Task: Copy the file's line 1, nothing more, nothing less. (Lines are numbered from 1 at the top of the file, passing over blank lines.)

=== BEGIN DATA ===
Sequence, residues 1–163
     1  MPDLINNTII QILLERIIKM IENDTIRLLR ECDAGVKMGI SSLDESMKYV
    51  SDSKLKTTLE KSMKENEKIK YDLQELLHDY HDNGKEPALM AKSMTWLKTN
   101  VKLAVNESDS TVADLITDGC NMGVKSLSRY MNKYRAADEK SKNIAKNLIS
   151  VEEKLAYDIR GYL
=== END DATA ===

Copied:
Sequence, residues 1–163